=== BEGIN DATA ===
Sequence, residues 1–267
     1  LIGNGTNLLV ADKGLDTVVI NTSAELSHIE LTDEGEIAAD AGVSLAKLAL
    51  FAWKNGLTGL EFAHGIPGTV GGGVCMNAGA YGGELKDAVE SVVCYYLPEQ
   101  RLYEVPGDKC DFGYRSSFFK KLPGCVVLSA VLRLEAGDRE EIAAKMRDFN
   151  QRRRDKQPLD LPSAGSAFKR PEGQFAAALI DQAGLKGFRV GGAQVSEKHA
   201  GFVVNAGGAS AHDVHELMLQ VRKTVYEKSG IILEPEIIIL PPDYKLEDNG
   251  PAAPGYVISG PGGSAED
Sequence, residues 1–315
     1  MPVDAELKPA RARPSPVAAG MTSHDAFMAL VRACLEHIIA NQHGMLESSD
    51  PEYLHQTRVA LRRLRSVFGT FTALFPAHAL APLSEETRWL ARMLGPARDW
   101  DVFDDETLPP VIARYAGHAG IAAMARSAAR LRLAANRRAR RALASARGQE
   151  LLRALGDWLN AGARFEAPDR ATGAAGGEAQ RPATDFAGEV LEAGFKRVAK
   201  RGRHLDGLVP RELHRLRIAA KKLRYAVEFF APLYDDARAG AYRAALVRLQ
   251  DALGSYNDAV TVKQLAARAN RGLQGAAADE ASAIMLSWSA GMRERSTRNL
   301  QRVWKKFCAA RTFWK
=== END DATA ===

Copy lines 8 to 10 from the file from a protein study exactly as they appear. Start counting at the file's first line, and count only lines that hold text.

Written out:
Sequence, residues 1–315
     1  MPVDAELKPA RARPSPVAAG MTSHDAFMAL VRACLEHIIA NQHGMLESSD
    51  PEYLHQTRVA LRRLRSVFGT FTALFPAHAL APLSEETRWL ARMLGPARDW